expressed his dissatisfaction with the, answers given by the noble Lord with regard to the Wellington Barracks and the rifle ranges. The noble Lord had stated that the drainage of Wellington Barracks was not being done piecemeal, but anything more piecemeal than spending £1,000 one year, £2,000 another year, and the balance of £4,300 the third year it was impossible to conceive. He did not intend to move a reduction, but he suggested that the matter should be reconsidered, and that this work should be done at one time. With regard to the rifle ranges, the noble Lord had stated that it was usually quicker to acquire the land by private arrangement than by compulsory powers, and no doubt that was so if it could be done, but he had noticed more often than not two or three years was absorbed in trying to come to an arrangement privately, and in the end compulsory powers had to be resorted to, which took up further time, whereas if compulsory powers had been taken in the first instance, much time and expense would have been saved. One question he would put, which he had omitted to ask before; would the noble Lord say what amount was spent under the Works Loan Act in addition to this Vote, so that the Committee might form some idea of what it was that this Vote supplemented.


also complained of the unsatisfactory answer given in respect to the rifle ranges, and many other matters connected with "works" within the military districts. He said the fact was that the War Office, with the present pressure upon them, were unable to undertake much in the way of enquiries, and must necessarily leave much of the work they desired to see done untouched. The acquisition of rifle ranges could only be done by a devolution of power. With a devolution of powers on the Generals commanding the districts, there could be no difficulty. That was one of the recommendations of the Dawkins Committee. The Generals commanding the districts were very competent men, and they could easily look after these matters and do not work which the War Office were unable to present to do. It was stated last year that there would be a devolution of powers, and he wished to know whether powers would be given to the general officers commanding districts to look into local needs.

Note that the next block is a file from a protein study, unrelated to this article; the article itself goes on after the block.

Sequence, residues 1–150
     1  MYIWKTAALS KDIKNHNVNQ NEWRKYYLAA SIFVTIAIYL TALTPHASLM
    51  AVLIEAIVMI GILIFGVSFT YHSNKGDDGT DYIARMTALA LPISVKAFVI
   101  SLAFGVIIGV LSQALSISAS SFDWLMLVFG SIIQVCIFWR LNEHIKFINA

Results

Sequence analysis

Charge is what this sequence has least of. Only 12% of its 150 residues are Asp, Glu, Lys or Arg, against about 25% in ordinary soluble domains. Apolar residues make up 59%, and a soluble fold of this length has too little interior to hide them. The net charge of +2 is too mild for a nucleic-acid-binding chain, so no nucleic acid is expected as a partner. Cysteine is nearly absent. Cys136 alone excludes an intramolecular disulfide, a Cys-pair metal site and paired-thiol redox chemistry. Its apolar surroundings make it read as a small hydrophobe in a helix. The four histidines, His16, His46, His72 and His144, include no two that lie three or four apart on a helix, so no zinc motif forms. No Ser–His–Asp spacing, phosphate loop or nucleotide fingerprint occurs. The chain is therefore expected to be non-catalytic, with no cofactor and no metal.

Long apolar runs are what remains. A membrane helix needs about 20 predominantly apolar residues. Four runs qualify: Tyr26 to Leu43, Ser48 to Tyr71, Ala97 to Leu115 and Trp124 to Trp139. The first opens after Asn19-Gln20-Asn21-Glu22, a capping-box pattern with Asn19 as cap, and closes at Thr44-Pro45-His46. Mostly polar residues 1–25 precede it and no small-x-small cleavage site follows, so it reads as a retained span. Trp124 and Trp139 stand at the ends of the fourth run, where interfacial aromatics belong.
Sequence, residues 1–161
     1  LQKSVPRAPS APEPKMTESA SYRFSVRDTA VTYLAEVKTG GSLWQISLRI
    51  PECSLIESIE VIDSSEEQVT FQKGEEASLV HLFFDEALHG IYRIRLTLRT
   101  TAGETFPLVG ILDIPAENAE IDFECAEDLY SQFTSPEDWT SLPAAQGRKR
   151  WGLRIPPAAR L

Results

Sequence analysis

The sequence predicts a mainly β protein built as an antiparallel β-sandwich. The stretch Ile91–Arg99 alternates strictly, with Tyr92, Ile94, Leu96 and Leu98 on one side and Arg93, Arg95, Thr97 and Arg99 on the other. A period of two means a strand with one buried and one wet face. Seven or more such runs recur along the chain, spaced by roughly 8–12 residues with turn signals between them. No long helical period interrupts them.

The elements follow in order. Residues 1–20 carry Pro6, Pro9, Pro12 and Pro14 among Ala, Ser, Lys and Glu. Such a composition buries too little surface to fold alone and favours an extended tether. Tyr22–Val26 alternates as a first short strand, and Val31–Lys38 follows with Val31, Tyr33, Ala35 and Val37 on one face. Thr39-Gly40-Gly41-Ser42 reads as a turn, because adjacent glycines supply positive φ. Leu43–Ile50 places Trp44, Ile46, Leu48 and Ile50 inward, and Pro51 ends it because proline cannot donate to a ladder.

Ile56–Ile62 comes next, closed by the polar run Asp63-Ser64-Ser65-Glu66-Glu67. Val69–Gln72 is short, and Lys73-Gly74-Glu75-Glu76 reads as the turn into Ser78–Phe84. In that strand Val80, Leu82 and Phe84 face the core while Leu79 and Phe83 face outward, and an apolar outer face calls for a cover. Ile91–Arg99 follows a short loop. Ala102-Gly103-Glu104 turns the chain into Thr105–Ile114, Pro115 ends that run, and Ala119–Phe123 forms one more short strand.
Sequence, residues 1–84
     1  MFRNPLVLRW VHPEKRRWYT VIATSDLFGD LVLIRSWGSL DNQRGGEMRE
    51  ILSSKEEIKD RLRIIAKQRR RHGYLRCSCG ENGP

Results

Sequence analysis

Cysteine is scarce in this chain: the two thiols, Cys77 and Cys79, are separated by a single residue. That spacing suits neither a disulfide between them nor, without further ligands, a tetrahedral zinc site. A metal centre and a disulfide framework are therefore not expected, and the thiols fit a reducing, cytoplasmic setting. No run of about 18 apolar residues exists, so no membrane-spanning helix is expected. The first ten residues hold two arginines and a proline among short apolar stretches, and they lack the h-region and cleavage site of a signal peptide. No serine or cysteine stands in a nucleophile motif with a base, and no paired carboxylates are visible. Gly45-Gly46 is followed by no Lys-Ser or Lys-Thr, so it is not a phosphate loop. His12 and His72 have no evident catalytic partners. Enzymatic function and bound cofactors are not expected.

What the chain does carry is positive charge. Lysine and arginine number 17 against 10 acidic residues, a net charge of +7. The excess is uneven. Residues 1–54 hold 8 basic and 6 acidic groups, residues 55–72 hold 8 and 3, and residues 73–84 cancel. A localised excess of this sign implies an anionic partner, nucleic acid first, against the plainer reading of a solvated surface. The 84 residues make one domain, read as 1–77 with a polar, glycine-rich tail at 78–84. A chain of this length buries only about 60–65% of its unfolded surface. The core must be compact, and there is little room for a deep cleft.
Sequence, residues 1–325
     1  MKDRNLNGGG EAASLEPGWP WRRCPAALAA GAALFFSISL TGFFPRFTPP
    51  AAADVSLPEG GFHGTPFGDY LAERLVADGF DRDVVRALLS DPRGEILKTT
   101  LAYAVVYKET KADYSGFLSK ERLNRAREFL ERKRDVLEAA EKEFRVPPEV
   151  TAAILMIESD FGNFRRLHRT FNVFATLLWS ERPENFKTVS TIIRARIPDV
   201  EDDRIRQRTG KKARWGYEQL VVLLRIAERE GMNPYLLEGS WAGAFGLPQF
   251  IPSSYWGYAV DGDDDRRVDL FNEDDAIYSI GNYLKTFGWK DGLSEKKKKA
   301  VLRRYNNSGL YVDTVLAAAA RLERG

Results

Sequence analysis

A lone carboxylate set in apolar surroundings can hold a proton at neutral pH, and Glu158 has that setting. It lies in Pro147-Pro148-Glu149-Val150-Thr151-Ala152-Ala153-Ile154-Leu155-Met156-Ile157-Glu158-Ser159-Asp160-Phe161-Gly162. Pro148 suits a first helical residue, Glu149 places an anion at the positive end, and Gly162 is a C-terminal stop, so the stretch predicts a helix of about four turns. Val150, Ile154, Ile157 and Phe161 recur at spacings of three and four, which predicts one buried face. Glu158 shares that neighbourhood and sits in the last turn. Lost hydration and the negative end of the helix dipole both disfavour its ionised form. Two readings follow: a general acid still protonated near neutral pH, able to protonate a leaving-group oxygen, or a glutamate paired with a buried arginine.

said he desired to emphasise the point of his hon. friend as to the devolution of powers to the general officers commanding districts. With regard to works in those districts, he advocated powers being devolved upon them involving expenditure on works up to £5,000. He also suggested that when once money had been allocated to a particular work, the general officer commanding a district should be entitled to spend the money as he thought best.


I can only give the hon. Member half an assurance, for this reason. I am absolutely in accord with him and the hon. Member for Leith who spoke on this point. Devolution, I believe, is the only satisfactory way in which we shall get